Why did Baduel, for whom a respect for the military hierarchy had prevented action in 1992, choose to break with that very hierarchy a decade later when it had turned against Chávez? Because by then another crucial element had intervened: the new 1999 Constitution. In 1992, the conspirators were all clear that, in Baduel’s own words, “the ruling class wielded the existing Constitution, but applied it according to their own interests.” In 2002, on the other hand, the coup-plotters and the military hierarchy (but crucially, not the middle ranks) had moved against the new “Bolivarian” Constitution. Confronted with a conflict between his two primary values, loyalty to military structure and loyalty to the Constitution, Baduel finally decided to act. He declared the 42nd Brigade in open rebellion against the illegitimate interim government of Pedro Carmona Estanga and initiated “Operation Restore National Dignity,” thereby providing the spark that allowed the majority of loyal officers to turn against the coup. This loyalty to the Constitution was repaid: within two years, Baduel would be named Army Commander, before becoming Defense Minister in 2006.

In the aftermath of the failed coup and Chávez’s return to power, Baduel would come to represent the quintessence of loyalty and moderation in the popular imaginary. It was not until he passed into retirement in July 2007 that the public was given any glimpse of potential discord between this hero of “April 13th” and the direction of the revolutionary process. Baduel took the opportunity of his retirement speech to urge caution when it came to Chávez’s proposed project of “21st Century Socialism.” He praised socialism as a concept, but warned against its state capitalist manifestations: “Our socialism must be profoundly democratic,” he counseled, one focused on the redistribution of wealth and the correction of inequalities. Further, he distanced himself from the view that “the division of powers is merely an instrument of bourgeois domination,” arguing that such division, generally associated with liberal constitutionalism, remains essential.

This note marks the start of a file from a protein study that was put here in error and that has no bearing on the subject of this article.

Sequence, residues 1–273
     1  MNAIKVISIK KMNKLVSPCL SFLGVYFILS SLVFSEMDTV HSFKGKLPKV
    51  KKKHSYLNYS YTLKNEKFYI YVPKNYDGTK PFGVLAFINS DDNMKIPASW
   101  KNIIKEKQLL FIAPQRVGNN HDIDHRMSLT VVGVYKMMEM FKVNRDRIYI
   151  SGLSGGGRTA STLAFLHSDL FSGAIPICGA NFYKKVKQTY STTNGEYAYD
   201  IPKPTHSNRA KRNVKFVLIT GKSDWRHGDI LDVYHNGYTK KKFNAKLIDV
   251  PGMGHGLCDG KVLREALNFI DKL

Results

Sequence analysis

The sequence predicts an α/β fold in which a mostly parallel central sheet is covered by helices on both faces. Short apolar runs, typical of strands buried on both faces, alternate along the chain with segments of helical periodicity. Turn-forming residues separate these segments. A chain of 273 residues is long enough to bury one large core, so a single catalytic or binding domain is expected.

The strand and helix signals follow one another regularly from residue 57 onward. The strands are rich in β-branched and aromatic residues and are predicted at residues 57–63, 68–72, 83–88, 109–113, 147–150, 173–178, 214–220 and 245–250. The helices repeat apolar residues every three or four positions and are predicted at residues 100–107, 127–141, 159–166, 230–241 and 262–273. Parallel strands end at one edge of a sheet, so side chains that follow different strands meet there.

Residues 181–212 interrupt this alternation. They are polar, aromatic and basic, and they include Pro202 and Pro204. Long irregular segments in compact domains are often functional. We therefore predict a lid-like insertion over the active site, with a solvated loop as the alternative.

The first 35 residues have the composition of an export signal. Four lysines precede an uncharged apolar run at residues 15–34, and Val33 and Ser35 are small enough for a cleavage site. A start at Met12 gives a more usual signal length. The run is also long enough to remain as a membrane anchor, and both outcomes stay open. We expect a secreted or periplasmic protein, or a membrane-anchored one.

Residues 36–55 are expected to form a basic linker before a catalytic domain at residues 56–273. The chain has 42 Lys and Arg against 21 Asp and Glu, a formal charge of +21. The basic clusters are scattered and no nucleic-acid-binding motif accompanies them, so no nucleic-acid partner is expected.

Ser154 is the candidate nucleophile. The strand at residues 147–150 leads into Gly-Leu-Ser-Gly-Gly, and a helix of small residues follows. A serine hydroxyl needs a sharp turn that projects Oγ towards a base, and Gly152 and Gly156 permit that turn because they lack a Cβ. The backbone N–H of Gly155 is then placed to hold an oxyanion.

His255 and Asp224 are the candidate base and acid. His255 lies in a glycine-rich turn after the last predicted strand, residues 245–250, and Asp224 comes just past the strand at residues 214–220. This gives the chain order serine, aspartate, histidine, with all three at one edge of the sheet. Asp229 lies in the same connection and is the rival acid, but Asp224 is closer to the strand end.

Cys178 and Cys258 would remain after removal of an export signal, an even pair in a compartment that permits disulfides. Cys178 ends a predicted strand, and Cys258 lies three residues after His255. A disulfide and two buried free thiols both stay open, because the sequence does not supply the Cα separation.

Ah, there’s that “moderation” thing again. I was wondering when it would rear its scruffy little head.

One wonders, however, just how sincere it is. After all, Baduel is also a graduate of the infamous School of the Americas, and his pro-US biases, carefully inculcated there, are not exactly a secret:

Although Baduel did not join the uprising, military chiefs were suspicious of his ties with the plotters. In an effort to prevent him from imbuing others with conspiratorial ideas, they sent him to the U.S. Army’s School of the Americas in Fort Benning, Ga., for training, Baduel said.